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Even during the COVID-19 pandemic, while efforts of direct patient care are at the forefront of nursing care around the globe, members of McLean’s Nursing Department had an impact on national and international psychiatric nursing, with several staff making poster presentations at this year’s American Psychiatric Nurses Association virtual conference and a presentation by Hayley Parét, MSN, PMHNP-BC, at England’s ECT Nursing Conference.
During this year’s American Psychiatric Nurses Association (APNA) conference, four teams of McLean Hospital nurses presented posters describing their research and practice. The 34th annual conference, which was held on a virtual platform from September 30 through October 4, featured more than 175 poster presentations.
Here is a look at the McLean posters:
Presented by: Alissa Stewart, RN, BSN, and Kelly Carlson, PhD, PMHNP-BC
Individuals diagnosed with diabetes have higher rates of co-occurring psychiatric diagnoses and often do not receive adequate care or education. With this in mind, the team embarked on a “quality improvement” project that would lead to modifications to McLean’s diabetic protocol, including better integration of physical and mental health.
Presented by: Kelly Carlson, PhD, PMHNP-BC, Corey Potter, BSN, RN, and Karen Slifka, RN, MS, CS
This poster presented findings of a project to determine how well nurses and other health professionals understood misused and diverted medications. The effort was based on research showing that the nonmedical misuse of amphetamines, barbiturates, benzodiazepines, gabapentinoids, hypnotics, opioids, second-generation antipsychotics, stimulants, and over-the-counter medications produces poor outcomes in individuals diagnosed with substance use disorders.
Presented by: Nadia Woghiren, BSN, RN, Jennifer Holiman, MSN, APRN, PMHNP-BC, Cassandra M. Godzik, PhD, NP-BC, and Kelly Carlson, PhD, PMHNP-BC
Studies have shown that about half of dementia patients exhibit agitation, which can reduce the quality of life and disrupt treatment. For this presentation, McLean staff looked at verbal and non-verbal de-escalation techniques to help older, agitated patients with dementia. Also, the team examined ways that staff training in de-escalation could enhance skills, boost morale, and decrease burnout and stress.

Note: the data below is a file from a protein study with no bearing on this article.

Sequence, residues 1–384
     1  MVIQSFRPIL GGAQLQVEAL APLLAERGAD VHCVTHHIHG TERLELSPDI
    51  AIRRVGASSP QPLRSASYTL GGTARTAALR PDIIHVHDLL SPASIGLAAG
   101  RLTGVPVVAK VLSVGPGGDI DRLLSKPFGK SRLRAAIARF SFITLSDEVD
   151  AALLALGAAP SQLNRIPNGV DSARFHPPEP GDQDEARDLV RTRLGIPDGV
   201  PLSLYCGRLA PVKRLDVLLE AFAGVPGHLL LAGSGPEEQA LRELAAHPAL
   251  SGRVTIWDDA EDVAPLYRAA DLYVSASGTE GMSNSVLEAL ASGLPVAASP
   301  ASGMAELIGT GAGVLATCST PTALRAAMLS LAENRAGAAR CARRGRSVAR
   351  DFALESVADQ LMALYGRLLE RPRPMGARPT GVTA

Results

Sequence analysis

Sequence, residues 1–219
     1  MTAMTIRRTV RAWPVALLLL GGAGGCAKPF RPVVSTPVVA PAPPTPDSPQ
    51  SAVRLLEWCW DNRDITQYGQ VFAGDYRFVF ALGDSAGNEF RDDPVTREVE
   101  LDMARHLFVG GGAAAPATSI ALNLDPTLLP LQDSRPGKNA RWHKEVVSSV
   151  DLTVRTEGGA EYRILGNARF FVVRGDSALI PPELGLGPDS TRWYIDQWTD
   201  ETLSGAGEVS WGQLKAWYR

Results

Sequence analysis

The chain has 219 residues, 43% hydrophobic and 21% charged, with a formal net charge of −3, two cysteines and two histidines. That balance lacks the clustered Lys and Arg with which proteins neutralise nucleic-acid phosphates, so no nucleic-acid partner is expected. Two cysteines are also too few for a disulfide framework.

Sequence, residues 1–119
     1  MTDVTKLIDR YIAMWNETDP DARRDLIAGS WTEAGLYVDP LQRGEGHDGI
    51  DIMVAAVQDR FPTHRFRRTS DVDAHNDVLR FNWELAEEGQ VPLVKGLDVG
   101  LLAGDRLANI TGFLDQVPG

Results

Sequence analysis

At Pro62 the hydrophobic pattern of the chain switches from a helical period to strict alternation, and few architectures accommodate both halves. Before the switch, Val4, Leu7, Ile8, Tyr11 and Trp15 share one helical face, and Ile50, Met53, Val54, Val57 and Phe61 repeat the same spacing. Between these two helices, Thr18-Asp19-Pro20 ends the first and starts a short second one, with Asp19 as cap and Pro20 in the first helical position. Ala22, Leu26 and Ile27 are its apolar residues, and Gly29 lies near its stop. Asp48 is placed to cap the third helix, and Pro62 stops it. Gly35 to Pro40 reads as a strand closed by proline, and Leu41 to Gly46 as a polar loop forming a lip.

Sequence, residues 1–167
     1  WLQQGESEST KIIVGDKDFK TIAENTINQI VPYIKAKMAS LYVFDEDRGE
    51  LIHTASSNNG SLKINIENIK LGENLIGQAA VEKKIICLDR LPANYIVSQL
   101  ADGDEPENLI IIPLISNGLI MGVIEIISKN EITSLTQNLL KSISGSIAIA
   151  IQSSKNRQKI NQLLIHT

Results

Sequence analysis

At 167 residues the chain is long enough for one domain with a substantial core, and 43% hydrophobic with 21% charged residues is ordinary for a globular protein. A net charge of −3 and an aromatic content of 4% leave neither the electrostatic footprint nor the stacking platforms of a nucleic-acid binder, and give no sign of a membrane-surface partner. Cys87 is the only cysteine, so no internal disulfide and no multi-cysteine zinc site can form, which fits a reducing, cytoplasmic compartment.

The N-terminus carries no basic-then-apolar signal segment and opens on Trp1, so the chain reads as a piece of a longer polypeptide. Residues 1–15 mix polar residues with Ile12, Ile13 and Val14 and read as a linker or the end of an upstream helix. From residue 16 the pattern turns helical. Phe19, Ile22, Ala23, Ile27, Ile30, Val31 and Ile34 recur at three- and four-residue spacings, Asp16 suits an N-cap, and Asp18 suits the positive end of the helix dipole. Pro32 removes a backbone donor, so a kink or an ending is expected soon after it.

This poster presented four case studies involving patients with different psychiatric conditions who received ECT treatment. The conditions included treatment-resistant depression, agitated dementia, and catatonia. Each case study detailed the patient’s particular symptoms and psychiatric history, explained why ECT was the treatment of choice, and included a list of nursing considerations.
McLean’s Hayley Parét, MSN, PMHNP-BC, offered her insights into ECT patient care during England’s seventh annual ECT Nursing Conference. Held online on October 28, the event was presented by the National Association of Lead Nurses in ECT, a UK-based group that represents nurses and other professionals working in ECT clinics.
A psychiatric/mental health nurse practitioner and ECT provider in the McLean’s Electroconvulsive Therapy (ECT) Service, Parét said that her talk focused on “the expanding role of RNs and NPs in ECT” and addressed how the COVID-19 pandemic has impacted nurses working in ECT clinics. Her presentation built on a paper she is preparing for the Journal of the American Psychiatric Nurses Association.
“During the pandemic, we were short on providers to administer the treatment and make sure our patients were okay, and nurse practitioners were able to step up,” Parét explained. However, NPs still face many barriers in taking on these responsibilities, Parét admitted, including “unclear documentation within our own scope of practice” and a lack of recognition as billable providers.
Parét credits Paula Bolton, MS, CNP, ANP-BC, program director of McLean’s Psychiatric Neurotherapeutics Program, for encouraging her to address these issues. “Paula has been a huge source of inspiration and guidance for me in my practice,” she said.
Both Parét and Bolton are part of the American Psychiatric Nurses Association’s Neuromodulation Task Force. The group, she said, is geared toward “tackling these issues head-on and advocating for the NP’s role in neurotherapeutics.”
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